Nine seems to be the magic number for next year’s 2012-2013 academic budget.
A nine percent tuition increase was passed 9-6, with nine of 24 trustees missing from the meeting. Since when is nine of 24 a majority?
It’s just not right.
The tuition increase added more fuel to the fire spreading across college campuses in California, hoping to repeal the hikes.
In response, Occupy SFSU decided to camp out in front of Cesar Chavez Student Center. They plan to stay at least until the end of the fall semester.
If the encampment will only provide the student health center with more cases of hypothermia. They need to take the protest to the opposition.
Yes, we know letters don’t work. We have all tried to make a change by writing to our one-sided pen pals, our local politicians. This is part of the reason why occupation is the new tactic.
Let’s take this action to the offices of “the legislators who like the Republicans in Washington are standing between us and what we should have as citizens of this state and nation,” according to President Robert A. Corrigan.
If you want to go to their offices in San Francisco, the address is 455 Golden Gate Ave, Suites 14800, 14600, 14200 and 14300. According to Corrigan’s words, the legislators are there every Friday.
Check Google Maps to look for appropriate places to pitch a tent.
Before setting up camp last Thursday many members of a crowd of about 150 protestors heckled President Corrigan as he responded to questions and concerns about the recent tuition increase.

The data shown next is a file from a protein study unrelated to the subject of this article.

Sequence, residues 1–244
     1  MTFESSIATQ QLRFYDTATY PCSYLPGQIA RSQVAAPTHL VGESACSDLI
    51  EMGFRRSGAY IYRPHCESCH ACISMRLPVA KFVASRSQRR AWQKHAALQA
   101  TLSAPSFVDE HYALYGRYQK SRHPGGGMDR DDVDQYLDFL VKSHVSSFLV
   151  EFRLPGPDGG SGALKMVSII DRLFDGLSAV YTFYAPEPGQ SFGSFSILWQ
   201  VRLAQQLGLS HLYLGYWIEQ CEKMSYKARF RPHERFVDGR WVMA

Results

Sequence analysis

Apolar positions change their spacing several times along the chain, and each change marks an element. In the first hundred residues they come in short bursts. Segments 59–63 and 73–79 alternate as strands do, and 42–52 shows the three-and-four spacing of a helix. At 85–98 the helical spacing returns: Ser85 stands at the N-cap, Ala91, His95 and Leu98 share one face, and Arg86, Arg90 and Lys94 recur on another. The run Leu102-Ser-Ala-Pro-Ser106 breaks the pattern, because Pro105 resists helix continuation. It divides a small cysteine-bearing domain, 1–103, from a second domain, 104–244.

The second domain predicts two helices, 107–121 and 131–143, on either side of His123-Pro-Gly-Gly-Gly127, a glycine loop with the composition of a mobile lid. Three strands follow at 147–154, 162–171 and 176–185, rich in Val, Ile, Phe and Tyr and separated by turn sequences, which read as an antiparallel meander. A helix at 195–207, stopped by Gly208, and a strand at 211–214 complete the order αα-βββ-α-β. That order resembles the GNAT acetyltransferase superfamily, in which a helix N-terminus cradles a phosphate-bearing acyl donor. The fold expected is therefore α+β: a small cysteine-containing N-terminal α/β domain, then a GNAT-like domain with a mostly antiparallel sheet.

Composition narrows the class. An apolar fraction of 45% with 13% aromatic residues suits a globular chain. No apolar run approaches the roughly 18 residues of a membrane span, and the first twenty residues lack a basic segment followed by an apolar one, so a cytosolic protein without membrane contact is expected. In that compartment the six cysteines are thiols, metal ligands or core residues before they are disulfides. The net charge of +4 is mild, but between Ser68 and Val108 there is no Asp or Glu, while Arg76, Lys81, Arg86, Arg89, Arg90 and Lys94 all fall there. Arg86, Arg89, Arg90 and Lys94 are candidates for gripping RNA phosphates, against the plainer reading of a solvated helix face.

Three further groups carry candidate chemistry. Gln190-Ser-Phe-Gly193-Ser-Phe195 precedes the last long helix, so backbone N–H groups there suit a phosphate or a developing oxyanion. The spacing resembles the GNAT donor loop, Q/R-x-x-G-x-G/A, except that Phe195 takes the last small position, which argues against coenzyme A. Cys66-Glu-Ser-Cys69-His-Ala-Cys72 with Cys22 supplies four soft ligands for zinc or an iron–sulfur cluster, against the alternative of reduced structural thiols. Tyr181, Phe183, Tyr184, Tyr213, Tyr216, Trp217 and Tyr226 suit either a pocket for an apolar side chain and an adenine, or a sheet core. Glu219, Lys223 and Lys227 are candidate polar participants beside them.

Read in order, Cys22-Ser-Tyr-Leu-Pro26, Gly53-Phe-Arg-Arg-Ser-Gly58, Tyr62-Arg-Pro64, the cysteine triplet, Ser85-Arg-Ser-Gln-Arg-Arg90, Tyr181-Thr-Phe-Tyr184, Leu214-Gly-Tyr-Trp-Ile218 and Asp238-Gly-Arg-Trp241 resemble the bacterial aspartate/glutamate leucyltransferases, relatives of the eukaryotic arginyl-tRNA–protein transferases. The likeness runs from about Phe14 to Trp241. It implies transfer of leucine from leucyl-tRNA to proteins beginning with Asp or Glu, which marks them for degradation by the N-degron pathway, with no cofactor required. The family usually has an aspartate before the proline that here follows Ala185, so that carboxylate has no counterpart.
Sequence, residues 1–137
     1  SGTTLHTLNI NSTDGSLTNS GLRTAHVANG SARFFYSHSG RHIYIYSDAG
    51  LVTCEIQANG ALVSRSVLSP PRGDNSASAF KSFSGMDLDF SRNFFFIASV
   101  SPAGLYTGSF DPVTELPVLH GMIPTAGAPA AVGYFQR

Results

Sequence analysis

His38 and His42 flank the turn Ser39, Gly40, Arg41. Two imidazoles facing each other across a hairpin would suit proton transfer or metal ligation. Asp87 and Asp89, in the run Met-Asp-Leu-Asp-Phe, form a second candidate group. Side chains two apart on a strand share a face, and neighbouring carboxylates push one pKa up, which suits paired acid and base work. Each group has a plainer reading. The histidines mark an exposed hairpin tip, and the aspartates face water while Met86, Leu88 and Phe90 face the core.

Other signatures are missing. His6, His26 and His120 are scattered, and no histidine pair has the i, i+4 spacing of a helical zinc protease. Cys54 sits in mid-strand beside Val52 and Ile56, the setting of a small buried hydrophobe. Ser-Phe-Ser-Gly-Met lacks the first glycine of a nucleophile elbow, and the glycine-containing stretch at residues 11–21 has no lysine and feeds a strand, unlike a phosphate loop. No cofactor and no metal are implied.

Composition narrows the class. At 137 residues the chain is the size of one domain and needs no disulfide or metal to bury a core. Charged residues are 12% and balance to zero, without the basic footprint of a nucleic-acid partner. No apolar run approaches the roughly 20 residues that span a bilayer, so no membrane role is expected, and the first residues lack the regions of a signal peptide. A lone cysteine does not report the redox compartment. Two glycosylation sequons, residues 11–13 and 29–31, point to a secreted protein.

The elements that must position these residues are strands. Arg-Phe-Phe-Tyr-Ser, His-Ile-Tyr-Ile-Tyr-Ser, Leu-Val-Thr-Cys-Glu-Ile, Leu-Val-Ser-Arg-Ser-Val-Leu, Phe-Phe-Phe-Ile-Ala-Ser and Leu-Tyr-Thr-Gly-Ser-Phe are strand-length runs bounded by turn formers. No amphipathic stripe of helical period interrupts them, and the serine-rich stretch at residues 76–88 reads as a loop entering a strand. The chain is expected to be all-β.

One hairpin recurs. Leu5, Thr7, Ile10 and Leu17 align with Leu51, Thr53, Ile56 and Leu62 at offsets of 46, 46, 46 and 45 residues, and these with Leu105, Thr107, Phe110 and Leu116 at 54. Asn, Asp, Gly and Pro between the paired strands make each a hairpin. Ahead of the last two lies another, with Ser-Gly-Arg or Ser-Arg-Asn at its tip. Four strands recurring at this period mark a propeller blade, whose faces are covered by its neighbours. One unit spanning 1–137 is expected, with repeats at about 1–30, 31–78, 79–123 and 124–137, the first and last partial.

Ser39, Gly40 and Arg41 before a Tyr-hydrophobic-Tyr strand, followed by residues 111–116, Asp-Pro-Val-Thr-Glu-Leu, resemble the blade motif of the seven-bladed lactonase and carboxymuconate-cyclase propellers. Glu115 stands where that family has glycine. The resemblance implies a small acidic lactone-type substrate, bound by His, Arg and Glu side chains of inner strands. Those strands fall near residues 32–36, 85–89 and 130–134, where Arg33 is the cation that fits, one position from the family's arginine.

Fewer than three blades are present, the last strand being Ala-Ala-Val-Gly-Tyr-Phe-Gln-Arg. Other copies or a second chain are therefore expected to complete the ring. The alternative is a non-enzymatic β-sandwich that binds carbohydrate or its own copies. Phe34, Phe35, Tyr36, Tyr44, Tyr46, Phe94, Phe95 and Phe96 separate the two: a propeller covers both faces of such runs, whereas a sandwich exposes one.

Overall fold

Corrigan should not be a scapegoat for a problem that is bigger than he is. He should be considered an ally for for the movement to make a change.
They are throwing darts at the pool table.
“I’m asking you, indeed I’m begging you, to bring the message to legislators,” Corrigan said.
He has a point.
It is a notable event that the president came out of his office to address students. He didn’t have to, he chose to.
Look at the actions of UC Berkeley and UC Davis administration as a comparison point for how poorly the administration could have reacted to the Occupy SFSU movement.
All the negative commentary did was push away the man who could help us get what we collectively need and desire: more money for higher education.
We’re not saying President Corrigan is a saint, or that he has been a perfect administrator. But to reject ideas from a man who has been with the University for 23 years is unreasonable.
Try some of his ideas and see what happens. You never know they might work and we might get some relief from the education budget turmoil that surrounds us.
The presidents of universities are not the ones who have the power to change. The power is in the hands of the legislature.
Let’s be smarter about this fight, and direct our anger and tents to the correct front lawn.